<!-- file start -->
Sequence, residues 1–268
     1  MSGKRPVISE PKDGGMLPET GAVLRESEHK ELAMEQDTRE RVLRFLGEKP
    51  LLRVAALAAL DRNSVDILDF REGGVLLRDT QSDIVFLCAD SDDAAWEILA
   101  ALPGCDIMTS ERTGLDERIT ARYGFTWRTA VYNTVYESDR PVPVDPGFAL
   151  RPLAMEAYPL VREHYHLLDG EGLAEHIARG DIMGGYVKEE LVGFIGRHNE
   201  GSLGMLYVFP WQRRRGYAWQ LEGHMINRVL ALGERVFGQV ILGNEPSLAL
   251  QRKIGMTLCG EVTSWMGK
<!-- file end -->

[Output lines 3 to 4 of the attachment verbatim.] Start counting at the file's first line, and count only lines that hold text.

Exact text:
    51  LLRVAALAAL DRNSVDILDF REGGVLLRDT QSDIVFLCAD SDDAAWEILA
   101  ALPGCDIMTS ERTGLDERIT ARYGFTWRTA VYNTVYESDR PVPVDPGFAL